Canada Restarts Funding To Laos
American B-52 bombers dropped two million tonnes of bombs on Laos over nine years, including 270 million fist-sized bomblets, 80 million of which failed to explode. The small, brightly coloured submunitions, known as bombies or bomblets, continue to litter the country, injuring and maiming innocent civilians, often children. There are an estimated 12,000 cluster bomb victims and their families living in Laos, Vietnam’s tiny landlocked neighbour of six million people. Baird is to announce the renewed Canadian funding in Vientiane, the Laotian capital, at a government-run health and rehab facility called the Cope Centre that also contains a small but powerful museum that describes the cluster bomb problem. Sources familiar with the details surrounding the announcement say Baird will announce $500,000 each for two UXO clearance operators based in Laos. They are the British-based Mines Advisory Group, and the country’s own homegrown clearance operator, UXO Lao. The $1 million will be administered through a United Nations Development Program trust fund. The deputy director of UXO Lao had effusive praise for Canada’s past funding of the sector during an interview earlier this year, but was one of several officials urging Canada to restart funding. “Maybe there’s some other internal issue the Canadian people consider more important to resolve,” said Wanthong Khamdala. “But I’d like to request to the Canadian government to consider again to support.” Baird’s announcement will take place in the Cope Centre, which former U.S. Secretary of State Hillary Clinton visited in July 2012 on her historic visit to Laos. Clinton met Phongsavath Manithong, who lost both his hands and was blinded by a cluster bomb on his 16th birthday in February 2008. Phongsavath told The Canadian Press in a lengthy interview at the centre earlier this year that his country needs more financial help to assist victims of cluster bombs. “We need more help from the American government.
Canada’s Female Leaders Acknowledge the Last Taboos Impacting Workplace Progress: Study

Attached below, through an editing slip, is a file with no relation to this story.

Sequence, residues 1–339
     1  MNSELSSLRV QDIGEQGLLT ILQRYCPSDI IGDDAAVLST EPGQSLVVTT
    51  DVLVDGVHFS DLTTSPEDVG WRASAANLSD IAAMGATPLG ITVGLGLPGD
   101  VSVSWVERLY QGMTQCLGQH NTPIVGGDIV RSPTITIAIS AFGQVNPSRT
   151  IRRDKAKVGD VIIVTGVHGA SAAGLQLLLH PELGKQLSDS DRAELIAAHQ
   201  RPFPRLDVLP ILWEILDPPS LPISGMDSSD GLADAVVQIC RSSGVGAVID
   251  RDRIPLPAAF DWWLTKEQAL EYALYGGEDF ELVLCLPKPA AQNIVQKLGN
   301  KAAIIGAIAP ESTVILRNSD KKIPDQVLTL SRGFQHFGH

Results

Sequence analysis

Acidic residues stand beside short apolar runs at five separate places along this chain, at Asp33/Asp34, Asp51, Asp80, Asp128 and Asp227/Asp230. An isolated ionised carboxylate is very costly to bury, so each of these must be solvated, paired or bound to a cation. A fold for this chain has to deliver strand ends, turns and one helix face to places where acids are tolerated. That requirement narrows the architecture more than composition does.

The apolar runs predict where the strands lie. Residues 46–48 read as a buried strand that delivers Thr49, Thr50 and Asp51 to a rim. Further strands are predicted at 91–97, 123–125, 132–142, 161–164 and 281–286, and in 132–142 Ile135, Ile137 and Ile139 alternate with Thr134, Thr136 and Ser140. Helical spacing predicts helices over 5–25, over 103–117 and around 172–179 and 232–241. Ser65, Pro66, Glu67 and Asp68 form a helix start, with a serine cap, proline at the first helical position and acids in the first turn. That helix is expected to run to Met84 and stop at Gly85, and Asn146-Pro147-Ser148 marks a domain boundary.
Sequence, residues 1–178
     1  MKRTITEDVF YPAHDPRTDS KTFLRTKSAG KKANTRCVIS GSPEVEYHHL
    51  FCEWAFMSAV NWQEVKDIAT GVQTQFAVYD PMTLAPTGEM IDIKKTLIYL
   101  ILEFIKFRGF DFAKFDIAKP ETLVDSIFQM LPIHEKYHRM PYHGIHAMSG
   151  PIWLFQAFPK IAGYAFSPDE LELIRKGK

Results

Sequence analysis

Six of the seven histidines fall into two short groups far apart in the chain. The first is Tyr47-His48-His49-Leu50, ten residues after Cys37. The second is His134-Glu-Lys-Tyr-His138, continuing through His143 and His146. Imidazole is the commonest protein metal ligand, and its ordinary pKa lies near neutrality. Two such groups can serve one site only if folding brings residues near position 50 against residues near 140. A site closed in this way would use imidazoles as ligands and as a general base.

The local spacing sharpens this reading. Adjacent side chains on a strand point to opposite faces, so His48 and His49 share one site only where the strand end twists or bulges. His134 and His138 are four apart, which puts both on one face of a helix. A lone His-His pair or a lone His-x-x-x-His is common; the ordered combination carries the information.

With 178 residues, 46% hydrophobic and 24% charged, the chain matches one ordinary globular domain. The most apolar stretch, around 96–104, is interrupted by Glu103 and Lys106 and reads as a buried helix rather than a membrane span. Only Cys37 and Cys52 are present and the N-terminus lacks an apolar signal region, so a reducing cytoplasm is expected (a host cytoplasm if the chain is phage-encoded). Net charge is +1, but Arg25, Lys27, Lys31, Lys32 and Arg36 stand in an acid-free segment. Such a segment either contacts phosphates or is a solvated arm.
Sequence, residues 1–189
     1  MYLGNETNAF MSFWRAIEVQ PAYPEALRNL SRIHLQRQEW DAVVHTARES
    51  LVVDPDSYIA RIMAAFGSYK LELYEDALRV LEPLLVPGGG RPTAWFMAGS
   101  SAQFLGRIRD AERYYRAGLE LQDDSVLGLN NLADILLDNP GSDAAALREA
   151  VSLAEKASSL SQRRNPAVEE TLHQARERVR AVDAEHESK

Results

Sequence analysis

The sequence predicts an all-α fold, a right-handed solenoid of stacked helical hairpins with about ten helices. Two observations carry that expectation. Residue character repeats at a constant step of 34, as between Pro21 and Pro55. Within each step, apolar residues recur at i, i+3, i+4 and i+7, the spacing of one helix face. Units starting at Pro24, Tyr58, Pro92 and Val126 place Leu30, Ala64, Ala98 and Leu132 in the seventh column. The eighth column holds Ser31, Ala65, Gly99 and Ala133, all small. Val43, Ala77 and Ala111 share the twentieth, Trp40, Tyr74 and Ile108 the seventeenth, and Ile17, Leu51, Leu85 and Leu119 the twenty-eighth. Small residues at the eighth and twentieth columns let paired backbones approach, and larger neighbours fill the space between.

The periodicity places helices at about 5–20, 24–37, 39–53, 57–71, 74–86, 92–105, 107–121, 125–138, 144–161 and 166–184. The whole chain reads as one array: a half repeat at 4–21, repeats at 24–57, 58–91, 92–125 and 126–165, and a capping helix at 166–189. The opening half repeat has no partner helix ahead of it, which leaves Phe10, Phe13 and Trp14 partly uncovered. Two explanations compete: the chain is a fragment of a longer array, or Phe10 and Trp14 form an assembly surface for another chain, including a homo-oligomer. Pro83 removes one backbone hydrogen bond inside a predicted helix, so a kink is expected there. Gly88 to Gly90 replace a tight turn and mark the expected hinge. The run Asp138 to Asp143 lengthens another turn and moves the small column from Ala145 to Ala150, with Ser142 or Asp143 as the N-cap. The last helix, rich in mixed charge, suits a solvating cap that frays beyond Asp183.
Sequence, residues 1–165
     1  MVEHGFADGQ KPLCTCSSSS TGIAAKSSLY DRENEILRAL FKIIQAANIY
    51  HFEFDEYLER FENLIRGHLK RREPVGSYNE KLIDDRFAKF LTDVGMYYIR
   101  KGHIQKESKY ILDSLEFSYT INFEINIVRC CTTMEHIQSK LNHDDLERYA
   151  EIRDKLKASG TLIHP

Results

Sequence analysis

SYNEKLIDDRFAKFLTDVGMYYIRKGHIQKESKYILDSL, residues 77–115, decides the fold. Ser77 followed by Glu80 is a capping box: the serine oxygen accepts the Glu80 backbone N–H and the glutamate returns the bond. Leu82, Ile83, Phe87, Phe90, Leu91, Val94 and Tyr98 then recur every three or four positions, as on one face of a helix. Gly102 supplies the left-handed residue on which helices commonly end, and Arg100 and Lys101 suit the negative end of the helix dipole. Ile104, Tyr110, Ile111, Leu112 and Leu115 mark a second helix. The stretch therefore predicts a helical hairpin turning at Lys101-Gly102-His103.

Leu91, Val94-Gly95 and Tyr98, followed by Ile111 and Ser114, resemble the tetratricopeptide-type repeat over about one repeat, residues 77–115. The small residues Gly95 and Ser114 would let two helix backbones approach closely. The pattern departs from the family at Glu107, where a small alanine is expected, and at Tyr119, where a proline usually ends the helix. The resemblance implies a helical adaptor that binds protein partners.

15, 2013 /CNW Telbec/ – Much has been said about Canada’s progressive business environment removing the glass ceiling for women in the workplace. Yet a recent study among 501 female business leaders, conducted by Ipsos-Reid on behalf of Randstad Canada, suggests that many of the key inhibitors to female progression are not easily identifiable factors that can be addressed by corporate policies or workplace procedures, because wider societal perceptions of women and the complexities of male and female interactions are at play. Personal Appearance Affects Promotion When asked if personal image, including appearance, can impact career progression, 90 per cent of respondents said that they believe that overall image, including looks, have a substantial impact on a woman’s career progression, while only 37 per cent believe image can have the same effect on a man’s career. “While this is a sensitive issue, marked differences in opinion between those women over 55 and those under 35 suggest that there may be progress underway,” said Gina Ibghy, Chief People Officer, Randstad Canada, adding that while 55 per cent of older workers are the most likely to say that image plays a very large factor in a women’s career, only 42 per cent of younger women say the same. In fact, 33 per cent of those respondents under the age of 35 feel image plays no factor at all. Addressing another sensitive topic, the Randstad study also asked Canada’s female business leaders if having a male or female boss can affect career progression. Based on the responses, Canadian women are divided in their opinions, with half stating that the gender of a superior does not impact a woman’s chance to obtain a managerial or executive position and half say that it does.Interestingly, those stating that gender plays a role feel that a female boss is more likely to inhibit their progression than a male superior. “We are surprised by this outcome in the study,” said Gina Ibghy.”Because it is a common perception that women support other women in the workplace and another aspect of the study identified that mentorship and advocate programs for women by women are considered important for career advancement.” Respondents Say Women Are Better Leaders Than Men The study also investigated another hot topic of debate – the question of whether men or women make better leaders. Sixty-five percent of the respondents say that women are better leaders, citing enhanced communication, empathy, flexibility and organizational skills as contributing to this belief. But 77 per cent say that women have to work longer hours and harder than a male counterpart to attain these positions. When asked about more traditional workplace challenges three in five women say managing work and family as the most challenging obstacle that women face, at 61 per cent reflecting a slight increase from 60 per cent when asked the same question a year ago. Taking this question a step further, when asked if they think that companies take women’s personal commitments outside work into consideration, almost half at 49 per cent, say that companies fear absences among female employees due to family commitments and that this has impact on career progression. Women also cite the potential for maternity leave as a large “fear factor”, with 24 per cent having experienced this as an impediment to promotion.